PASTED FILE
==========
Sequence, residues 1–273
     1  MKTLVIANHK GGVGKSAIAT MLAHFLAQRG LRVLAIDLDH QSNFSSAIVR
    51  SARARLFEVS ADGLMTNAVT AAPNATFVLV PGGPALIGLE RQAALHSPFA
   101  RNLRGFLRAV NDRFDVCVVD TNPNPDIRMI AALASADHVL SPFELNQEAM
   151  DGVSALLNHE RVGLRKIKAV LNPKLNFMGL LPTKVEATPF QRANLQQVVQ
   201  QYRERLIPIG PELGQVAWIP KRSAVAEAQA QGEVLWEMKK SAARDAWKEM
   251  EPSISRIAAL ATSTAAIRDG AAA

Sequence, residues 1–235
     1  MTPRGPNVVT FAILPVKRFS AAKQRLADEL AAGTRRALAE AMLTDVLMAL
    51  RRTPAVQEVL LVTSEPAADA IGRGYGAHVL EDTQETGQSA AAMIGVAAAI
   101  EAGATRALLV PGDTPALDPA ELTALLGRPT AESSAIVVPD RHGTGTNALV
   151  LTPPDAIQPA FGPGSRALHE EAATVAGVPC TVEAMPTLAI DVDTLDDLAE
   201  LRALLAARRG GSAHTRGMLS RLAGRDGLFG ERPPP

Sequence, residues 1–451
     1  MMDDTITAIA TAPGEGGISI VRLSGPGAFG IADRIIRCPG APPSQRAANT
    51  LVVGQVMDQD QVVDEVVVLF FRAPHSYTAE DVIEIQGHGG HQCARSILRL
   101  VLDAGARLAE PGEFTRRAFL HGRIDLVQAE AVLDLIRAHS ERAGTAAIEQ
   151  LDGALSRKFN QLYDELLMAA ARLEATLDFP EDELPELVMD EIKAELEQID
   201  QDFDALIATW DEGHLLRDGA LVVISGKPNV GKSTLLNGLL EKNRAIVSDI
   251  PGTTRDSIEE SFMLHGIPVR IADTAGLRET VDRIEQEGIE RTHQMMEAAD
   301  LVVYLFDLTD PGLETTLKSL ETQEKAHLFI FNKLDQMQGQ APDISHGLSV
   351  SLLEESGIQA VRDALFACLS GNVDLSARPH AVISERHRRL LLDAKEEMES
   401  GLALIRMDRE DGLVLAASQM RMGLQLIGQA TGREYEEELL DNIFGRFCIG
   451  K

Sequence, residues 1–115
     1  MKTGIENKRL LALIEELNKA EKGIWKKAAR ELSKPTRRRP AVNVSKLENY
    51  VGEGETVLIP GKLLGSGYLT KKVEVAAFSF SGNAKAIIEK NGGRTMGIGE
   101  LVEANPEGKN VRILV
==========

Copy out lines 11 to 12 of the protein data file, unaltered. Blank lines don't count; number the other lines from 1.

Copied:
   101  EAGATRALLV PGDTPALDPA ELTALLGRPT AESSAIVVPD RHGTGTNALV
   151  LTPPDAIQPA FGPGSRALHE EAATVAGVPC TVEAMPTLAI DVDTLDDLAE